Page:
Throughout the COVID-19 response, ADHS has continually reevaluated how we are collecting, analyzing, and presenting COVID-19 data for cases, hospitalizations, and laboratory tests. As the COVID-19 testing landscape changes, with new tests, new laboratories, and new guidance on who should be tested, and as data come to ADHS in new ways, we have examined whether any changes need to be made in order to share information in the best way possible.
Location, whether at the county or ZIP code level, has always been important information for COVID-19 cases and testing. A full patient address is not always available when a case or a lab result is first reported. While we do our best to make sure the case is counted within the county of residence, we sometimes need to rely on the address of the provider facility or reporting entity in the absence of a complete patient address. More than 90% of cases have been shown in the ZIP code of their residence throughout the response, but we have recently re-examined how we attribute cases to ZIP codes and labs to counties. Using the experience of the large quantity of reports now available to us, we decided we can provide better, more useful information by reshaping how we use the address information submitted. The impact of these changes is described below.
For the case data shown on our data dashboards, there is no effect on the state counts or on the county-level numbers. However, the ZIP code dashboard may reflect some changes as we shift some cases from a provider ZIP code to the ZIP code of a patient’s address. By implementing the change, we increase the proportion of cases shown using patient address from 94% to 97%. Some areas are more affected than others, with Coconino, Navajo, and Graham Counties having the biggest shifts towards patient address.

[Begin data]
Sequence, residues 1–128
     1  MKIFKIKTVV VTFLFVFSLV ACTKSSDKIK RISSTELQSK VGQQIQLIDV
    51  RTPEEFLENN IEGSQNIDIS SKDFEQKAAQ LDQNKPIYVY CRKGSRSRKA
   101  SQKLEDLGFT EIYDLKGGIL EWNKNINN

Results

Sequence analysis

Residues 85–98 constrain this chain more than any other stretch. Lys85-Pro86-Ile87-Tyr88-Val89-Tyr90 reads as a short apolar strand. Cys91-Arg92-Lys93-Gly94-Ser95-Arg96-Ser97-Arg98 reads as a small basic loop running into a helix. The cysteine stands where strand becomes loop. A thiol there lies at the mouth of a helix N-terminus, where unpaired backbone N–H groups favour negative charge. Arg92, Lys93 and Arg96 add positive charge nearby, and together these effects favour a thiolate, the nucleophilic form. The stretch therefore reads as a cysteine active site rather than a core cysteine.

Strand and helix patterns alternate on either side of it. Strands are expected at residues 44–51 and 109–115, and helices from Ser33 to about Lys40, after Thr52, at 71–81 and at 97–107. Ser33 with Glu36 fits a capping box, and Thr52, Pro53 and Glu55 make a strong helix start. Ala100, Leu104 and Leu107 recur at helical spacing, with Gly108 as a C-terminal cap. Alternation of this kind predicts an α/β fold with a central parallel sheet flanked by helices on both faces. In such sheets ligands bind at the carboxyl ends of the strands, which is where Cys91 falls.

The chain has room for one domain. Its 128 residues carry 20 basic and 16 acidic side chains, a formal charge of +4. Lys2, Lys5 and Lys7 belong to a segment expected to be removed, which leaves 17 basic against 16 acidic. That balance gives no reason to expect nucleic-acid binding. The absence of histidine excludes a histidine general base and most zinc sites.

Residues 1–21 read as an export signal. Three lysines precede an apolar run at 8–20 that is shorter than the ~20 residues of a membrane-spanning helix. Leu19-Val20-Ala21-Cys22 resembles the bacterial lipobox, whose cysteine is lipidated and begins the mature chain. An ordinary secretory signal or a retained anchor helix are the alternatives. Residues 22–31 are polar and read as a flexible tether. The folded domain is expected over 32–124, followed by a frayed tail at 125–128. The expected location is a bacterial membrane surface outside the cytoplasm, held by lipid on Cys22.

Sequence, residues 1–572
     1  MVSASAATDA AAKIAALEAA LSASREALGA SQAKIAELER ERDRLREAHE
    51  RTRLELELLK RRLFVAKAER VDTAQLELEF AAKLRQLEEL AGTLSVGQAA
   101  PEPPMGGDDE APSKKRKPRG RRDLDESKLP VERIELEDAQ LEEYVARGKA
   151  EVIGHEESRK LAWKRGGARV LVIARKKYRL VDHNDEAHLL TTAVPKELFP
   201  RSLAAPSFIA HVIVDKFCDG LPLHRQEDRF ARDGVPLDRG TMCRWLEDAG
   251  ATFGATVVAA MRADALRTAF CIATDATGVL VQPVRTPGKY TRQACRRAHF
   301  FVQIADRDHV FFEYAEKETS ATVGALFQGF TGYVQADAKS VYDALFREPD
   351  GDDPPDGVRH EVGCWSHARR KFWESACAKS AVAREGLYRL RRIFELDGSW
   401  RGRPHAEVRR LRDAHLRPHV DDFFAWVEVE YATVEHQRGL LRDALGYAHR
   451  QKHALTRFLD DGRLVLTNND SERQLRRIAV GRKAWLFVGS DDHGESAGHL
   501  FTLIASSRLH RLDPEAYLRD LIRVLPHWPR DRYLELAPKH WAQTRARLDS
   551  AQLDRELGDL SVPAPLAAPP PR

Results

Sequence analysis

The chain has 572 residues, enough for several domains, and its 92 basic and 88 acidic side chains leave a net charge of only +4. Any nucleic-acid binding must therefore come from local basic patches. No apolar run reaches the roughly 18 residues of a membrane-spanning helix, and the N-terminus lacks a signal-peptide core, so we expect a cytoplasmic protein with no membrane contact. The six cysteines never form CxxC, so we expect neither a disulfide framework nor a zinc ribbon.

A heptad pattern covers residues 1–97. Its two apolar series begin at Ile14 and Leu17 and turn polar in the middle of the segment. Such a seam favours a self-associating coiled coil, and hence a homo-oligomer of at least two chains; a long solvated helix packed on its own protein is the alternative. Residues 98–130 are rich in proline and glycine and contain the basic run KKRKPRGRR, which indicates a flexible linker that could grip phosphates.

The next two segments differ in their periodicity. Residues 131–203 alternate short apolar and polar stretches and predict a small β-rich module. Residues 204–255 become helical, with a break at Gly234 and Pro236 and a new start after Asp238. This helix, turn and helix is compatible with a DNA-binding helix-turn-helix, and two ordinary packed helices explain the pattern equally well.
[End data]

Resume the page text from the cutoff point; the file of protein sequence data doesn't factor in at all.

For the laboratory testing data, there is likewise no change in the statewide numbers of people tested or tests conducted, but the county numbers are affected. This change involves better use of the ZIP code data submitted with the lab report, with the overall effect of attributing many more laboratory results to a specific Arizona county, and moving a smaller number between counties. The total number of persons tested increases for all counties; Maricopa County gains 6,018 people tested while Pima County gains 3,455. The largest percent increase is for Santa Cruz County (2.4%). Again, there is no impact on the statewide data as these tests have been counted all along in the Arizona numbers; instead, these increases are the result of attributing records for more than 12,000 people tested into county data.
While we do not anticipate additional changes in these methods in the near future, ADHS will continue to examine the data we have as the COVID-19 response continues, to ensure we can provide the most useful information to everyone involved.